Thomas is already thinking about adding adaptive bikes down the road, as well as figuring out a way for residents under 18 to use the system (unfortunately, insurance currently makes that cost-prohibitive). As the full system is rolled out this summer, Shasta Living Streets will continue to directly engage residents, exploring the ways in which their organization can help ensure that bike share is working for everyone.

What’s cool is that as the system matures, Redding’s downtown will only continue to transform, gradually becoming a better place to bike. There are plans for the City of Redding to install protected bike lanes on more than two miles of city streets that connect downtown and the Sacramento River Trail, as well as neighborhoods to the north, east, and south. Once complete, the bike lanes will comprise more than half of a 5.1-mile loop along the River Trail and downtown — a route that anyone will be able to ride using bike share.

The Better Bike Share Partnership is funded by The JPB Foundation as a collaboration between the City of Philadelphia, the National Association of City Transportation Officials (NACTO), and the PeopleForBikes Foundation to build equitable and replicable bike share systems. Follow us on LinkedInFacebookTwitter, and Instagram, or sign up for our weekly newsletter. Have a question or a story idea? Email kiran@peopleforbikes.org.

Read the article on the Better Bikeshare webpage here.

Bike Station – Safe & Secure Bike Parking

Coming May 2023 the Bike Station at the Shasta Bike Depot!

This is a long-term bike parking facility that will offer a secure, covered, and locked room to park your bike. It is the first of its kind in our region.

Residents and visitors will be able to park their bikes safely and then head to work, shopping, or entertainment. It will also enable inter-city clean mobility options with transit connections at the nearby Redding Transit Center.

Easy to use, convenient & cost effective

  • On-demand secure bike-parking. Keeps your bike & helmet cool & dry.
  • Park for a few hours, overnight, or several days.
  • Multiple methods of security, keeps your bike safe.
  • Shasta Living Streets staff. Local service and maintenance.
  • 24/7 telephone user support
  • BikeLink card works at 450+ locations in the U.S.

 Only pennies per hour

  • Pay only for time used.
  • Card never expires.
  • 5 cents per hour, no monthly or annual fee.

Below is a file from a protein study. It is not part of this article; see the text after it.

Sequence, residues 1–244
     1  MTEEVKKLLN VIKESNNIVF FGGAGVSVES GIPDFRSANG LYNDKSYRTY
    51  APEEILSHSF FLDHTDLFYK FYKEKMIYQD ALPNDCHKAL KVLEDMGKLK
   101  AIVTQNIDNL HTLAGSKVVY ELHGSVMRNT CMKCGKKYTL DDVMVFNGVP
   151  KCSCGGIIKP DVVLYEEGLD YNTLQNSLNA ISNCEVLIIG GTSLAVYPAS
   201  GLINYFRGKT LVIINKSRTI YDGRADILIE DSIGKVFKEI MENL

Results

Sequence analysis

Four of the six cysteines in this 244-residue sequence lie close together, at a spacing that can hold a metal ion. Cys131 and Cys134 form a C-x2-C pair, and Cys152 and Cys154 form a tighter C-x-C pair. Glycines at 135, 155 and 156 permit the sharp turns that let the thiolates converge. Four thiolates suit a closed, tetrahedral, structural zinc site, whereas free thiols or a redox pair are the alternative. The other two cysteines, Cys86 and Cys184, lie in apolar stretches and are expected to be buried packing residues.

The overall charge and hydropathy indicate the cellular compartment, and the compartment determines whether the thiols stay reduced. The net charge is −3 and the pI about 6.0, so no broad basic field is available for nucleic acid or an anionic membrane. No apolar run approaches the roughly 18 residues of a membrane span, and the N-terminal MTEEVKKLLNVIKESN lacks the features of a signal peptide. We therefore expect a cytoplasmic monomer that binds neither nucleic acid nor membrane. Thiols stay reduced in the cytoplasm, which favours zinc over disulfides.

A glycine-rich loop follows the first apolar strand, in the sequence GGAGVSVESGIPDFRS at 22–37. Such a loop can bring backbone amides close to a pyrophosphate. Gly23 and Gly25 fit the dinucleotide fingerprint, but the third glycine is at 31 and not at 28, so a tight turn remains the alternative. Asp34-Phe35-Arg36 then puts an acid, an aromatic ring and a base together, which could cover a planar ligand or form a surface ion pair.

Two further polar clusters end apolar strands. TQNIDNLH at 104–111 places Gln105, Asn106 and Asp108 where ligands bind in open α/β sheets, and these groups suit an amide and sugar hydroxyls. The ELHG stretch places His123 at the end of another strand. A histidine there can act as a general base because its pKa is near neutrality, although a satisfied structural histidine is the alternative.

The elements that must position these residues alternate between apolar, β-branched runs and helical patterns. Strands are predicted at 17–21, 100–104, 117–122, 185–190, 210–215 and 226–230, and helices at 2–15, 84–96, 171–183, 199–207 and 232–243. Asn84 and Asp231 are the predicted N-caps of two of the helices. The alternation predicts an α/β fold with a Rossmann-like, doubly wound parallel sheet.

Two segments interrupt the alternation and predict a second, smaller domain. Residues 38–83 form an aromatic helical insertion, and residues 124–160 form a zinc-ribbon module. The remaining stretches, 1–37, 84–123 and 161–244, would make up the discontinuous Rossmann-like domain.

How it works

The BikeLink Card is sold at Shasta Bike Depot and online.

Insert card and follow the on-screen instructions to park your bike. 

Enter the facility and make sure no one enters behind you. Always lock your bike inside the facility.

Insert your card and follow the on-screen instructions to retrieve your bike. You will be charged 5 cents an hour.

Shasta Bike Depot Moving Forward

What if a bike depot, a lively eatery, and an active courtyard space could become a downtown experience?

Shasta Bike Depot

 “When we give people the resources, skills and confidence they need to get around safely and conveniently by bike, they discover the ease and joy of bicycling. People in Redding and Shasta County aren’t just ready for this – they are excited about it,” Thomas said.

“The depot will be a visitor’s center for transit. It’s a ‘Start Here’ spot for biking and using trails in and around Redding and the North State,” shared Anne Thomas, who will manage the Shasta Bike Depot.

Located next to Redding’s downtown Transit Center, the depot will include a public bike parking garage, classes, community events, an e-bike charging station, guided e-bike tours, and e-bikeshare.

The vision of the depot is to offer amenities that create “comfort, convenience, and enjoyment, for the increasing number of people who choose to walk and bike to get where they want to go,” Thomas said. “This will be a place to find answers to questions, such as ‘Where do I ride?’ ‘What do I wear?’ ‘Where do I find people to ride with?’ ‘How do I put my bike on the bus?’”